Crosstalk mechanisms in hepatoprotection: thyroid hormone-docosahexaenoic acid (DHA) and DHA-extra virgin olive oil combined protocols
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Normal liver function includes a number of metabolic processes, secretion of cellular mediators and its role in immunobiology; these require a high energy supply, which is further enhanced under adverse conditions triggering hepatic disorders or injury due to the operation of counteracting mechanisms. Alterations in oxygen availability, such as ischemia-reperfusion (IR) leading to liver inflammation and high-fat diet (HFD)-induced hepatic steatosis, are noxious responses encountered in hepatic surgery and obesity, respectively. Several strategies have been developed to attenuate or prevent these disorders, including thyroid hormone (T-3), docosahexaenoic acid (DHA) and extra virgin olive oil (EVOO). These hormetic agents that exert beneficial effects in the low dose range were shown to abrogate IR-induced liver injury effectively in the case of T-3, DHA, or their combined administration, whereas DHA plus EVOO attenuate HFD-induced hepatic steatosis, although they can induce adverse effects in other experimental settings. The use of combined hepatoprotective protocols (DHA + T-3 or DHA + EVOO) using low doses or reduced supplementation periods is characterized by the stimulation of different types of molecular defensive mechanisms and similar signaling processes that exhibit synergism, thus constituting suitable experimental liver pharmacological preconditioning strategies with possible future clinical applications. (C) 2017 Elsevier Ltd. All rights reserved.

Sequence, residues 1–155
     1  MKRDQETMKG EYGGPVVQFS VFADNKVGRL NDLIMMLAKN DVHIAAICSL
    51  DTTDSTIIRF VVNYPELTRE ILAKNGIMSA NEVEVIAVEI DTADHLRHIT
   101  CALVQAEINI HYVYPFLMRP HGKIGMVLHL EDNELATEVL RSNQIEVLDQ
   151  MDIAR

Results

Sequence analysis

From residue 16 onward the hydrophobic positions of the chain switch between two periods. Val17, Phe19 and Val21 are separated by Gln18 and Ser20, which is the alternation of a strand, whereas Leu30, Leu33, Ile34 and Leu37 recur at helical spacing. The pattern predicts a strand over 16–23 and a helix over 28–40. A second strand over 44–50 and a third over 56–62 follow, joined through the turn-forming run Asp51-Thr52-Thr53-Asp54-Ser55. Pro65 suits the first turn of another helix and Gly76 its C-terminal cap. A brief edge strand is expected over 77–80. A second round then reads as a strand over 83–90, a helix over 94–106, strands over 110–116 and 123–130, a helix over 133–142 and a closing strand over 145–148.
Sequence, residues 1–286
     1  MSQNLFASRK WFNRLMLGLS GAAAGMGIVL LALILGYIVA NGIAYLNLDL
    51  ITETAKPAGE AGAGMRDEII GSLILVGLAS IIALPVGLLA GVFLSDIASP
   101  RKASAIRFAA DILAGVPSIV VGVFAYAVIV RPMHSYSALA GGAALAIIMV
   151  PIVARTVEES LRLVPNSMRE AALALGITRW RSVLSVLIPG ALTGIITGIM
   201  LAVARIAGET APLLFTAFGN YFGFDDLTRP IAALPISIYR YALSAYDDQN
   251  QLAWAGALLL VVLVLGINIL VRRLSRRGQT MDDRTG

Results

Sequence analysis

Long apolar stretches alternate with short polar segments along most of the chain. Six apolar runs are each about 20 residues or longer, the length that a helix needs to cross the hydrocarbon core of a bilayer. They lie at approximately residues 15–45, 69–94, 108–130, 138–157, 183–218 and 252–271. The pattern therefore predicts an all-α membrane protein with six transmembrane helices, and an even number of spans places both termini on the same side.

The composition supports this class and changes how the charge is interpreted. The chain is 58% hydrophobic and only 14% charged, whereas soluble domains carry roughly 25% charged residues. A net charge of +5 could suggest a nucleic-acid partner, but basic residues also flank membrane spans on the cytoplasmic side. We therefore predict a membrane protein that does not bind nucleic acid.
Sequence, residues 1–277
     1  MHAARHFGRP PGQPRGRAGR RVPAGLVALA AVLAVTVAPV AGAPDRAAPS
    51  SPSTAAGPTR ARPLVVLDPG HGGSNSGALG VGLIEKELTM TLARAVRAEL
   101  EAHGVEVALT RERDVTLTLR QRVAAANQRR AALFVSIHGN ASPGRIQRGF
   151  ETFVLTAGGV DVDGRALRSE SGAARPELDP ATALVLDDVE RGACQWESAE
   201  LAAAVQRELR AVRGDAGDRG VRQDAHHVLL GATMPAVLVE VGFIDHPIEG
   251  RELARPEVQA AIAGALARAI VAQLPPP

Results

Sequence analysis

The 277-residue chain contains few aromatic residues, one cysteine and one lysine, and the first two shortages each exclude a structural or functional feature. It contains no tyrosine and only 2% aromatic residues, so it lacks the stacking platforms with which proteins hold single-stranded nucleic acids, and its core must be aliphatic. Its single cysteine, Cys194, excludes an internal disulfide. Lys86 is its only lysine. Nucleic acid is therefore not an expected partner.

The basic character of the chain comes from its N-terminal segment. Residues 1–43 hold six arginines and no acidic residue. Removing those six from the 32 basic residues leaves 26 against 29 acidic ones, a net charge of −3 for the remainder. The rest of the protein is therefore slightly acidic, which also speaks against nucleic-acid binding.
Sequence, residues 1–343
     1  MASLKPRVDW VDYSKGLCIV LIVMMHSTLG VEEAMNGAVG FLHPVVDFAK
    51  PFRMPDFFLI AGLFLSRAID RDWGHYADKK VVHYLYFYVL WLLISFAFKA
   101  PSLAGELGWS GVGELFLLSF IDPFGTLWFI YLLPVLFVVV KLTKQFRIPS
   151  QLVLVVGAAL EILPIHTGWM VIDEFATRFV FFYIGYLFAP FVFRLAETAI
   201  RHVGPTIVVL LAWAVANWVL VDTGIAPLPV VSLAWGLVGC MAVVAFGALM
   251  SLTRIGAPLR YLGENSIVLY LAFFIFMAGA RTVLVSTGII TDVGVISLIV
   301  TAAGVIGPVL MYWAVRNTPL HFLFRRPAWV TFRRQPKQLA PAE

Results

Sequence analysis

Artículo de publicación ISI
Quote ItemPharmacological Research 132 (2018) 168–175
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